Chile mine rescue completed; last miner is hoisted to safety

By Juan Forero and Jonathan Franklin
Washington Post Foreign Service
Wednesday, October 13, 2010; 8:58 PM

SAN JOSE MINE, CHILE - A saga that had gripped the world for more than two months ended happily Wednesday night as the last of 33 miners who had been trapped under 2,000 feet of rock in northern Chile was pulled to the surface.

Luis Urzua, the 54-year-old who was shift foreman when the gold and copper mine collapsed, was the last to leave the mine in a special rescue capsule winched to the surface. When he stepped out of the capsule, rescuers exulted over the end of what had once seemed a near-improbable task. (One rescuer remained in the mine, however, awaiting his own trip to the surface.)

The rescue effort had triggered a great swell of national pride in Chile, and each miner was greeted upon his return with patriotic cheers of "Chi! Chi! Chi! Le! Le! Le!" and an embrace from President Sebastian Pinera, who has been a near-constant presence at the mine during the ordeal.

"Bienvenido a la vida," Pinera told Victor Segovia, the 15th miner to emerge. In English, the phrase means, "Welcome to life."

The 33 men are believed to have survived longer underground than anyone else in the history of mining accidents. Each emerged seemingly in good health, wearing dark sunglasses to protect his eyes after 69 days in their dark, humid cavern under the Atacama Desert.

"We always knew that we would be rescued," Mario Sepulveda, the second miner pulled from the depths, said shortly after he emerged. "We never lost faith."

After he stepped out of the capsule, the ebullient Sepulveda led those gathered at the surface in a rousing cheer, earning him the nickname "Super Mario" in Chilean newspapers.

Like those before him, the 20th miner rescued, Dario Segovia, 48, emerged freshly shaved and hugged his wife before lying down on a gurney and being wheeled into a field hospital.


In Washington, President Obama said: "This rescue is a tribute not only to the determination of the rescue workers and the Chilean government, but also the unity and resolve of the Chilean people, who have inspired the world. And I want to express the hopes of the American people that the miners who are still trapped underground will be returned home safely as soon as possible."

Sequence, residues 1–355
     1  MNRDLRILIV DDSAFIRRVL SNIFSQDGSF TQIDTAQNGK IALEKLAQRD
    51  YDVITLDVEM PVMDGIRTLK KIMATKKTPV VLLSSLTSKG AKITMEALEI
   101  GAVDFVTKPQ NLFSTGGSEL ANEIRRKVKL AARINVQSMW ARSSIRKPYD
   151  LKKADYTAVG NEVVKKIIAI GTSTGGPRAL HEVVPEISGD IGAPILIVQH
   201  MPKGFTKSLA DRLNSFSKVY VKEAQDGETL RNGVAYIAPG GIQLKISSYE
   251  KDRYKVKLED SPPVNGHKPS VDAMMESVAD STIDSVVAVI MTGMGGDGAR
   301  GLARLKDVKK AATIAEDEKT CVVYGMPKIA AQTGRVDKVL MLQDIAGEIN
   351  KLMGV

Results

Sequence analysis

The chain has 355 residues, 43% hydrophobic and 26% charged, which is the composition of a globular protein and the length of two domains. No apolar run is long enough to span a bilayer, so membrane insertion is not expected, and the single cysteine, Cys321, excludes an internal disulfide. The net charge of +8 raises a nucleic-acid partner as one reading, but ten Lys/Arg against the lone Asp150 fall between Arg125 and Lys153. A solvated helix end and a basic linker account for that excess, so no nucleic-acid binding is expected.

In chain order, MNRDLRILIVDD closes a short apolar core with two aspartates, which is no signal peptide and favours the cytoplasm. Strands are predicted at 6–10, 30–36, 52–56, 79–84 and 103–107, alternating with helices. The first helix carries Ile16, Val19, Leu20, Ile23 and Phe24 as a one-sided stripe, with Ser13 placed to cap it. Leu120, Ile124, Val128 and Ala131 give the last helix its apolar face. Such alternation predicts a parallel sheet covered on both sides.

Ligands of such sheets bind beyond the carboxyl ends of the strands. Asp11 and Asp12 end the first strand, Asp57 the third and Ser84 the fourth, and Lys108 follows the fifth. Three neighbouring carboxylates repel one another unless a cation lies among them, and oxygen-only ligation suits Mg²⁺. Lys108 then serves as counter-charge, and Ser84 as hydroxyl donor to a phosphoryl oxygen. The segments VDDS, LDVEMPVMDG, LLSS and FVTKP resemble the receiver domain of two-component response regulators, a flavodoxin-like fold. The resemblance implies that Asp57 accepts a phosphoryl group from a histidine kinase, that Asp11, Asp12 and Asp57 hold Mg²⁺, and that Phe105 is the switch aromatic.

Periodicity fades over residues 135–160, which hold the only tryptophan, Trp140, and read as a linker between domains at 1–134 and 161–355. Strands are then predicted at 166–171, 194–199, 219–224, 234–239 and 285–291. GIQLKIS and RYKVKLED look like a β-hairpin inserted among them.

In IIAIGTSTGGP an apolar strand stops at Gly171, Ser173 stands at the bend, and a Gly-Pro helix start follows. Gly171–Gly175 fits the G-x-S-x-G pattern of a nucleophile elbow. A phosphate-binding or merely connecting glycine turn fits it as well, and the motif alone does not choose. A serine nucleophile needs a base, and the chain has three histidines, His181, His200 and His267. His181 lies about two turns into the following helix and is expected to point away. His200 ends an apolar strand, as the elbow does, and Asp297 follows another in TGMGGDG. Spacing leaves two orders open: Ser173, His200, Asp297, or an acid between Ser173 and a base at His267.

He also commended those from the United States and other nations who assisted in the rescue effort, including a NASA team that helped design the escape capsule, U.S. companies that manufactured parts of the rescue drill and the American engineer who flew in from Afghanistan to operate the drill.

"Last night, the whole world watched" as the first rescued miner surfaced, Obama told reporters. "It was a thrilling moment, and we're hopeful that those celebrations duplicate themselves throughout the rest of today," he said.

White House spokesman Robert Gibbs said earlier that Obama viewed the rescue effort as "a tremendously inspirational story, a story with a happy ending."

The men were sealed into a hot, dark purgatory after surviving an Aug. 5 mine collapse.

"Chile's first astronaut is arriving!" yelled Christian Tapia, one of the rescuers, as the first man up, Florencio Avalos, was hoisted to safety shortly after midnight local time.

Avalos, wearing a helmet and sunglasses, walked to the field hospital, hugged family members and flopped down on a white couch, exhausted.

"It's over; it's over at last," he said.

His wife, Monica, said that she and her husband are religious, and she called the rescue a miracle. "This rescue was so difficult - it's a grand miracle," she said. "He has so much experience in this mine, and he was a leader, like a pastor with his sheep."

Minutes later, Sepulveda was hugging everyone around him. "We are so happy and very proud of our country for all they did for us," he said.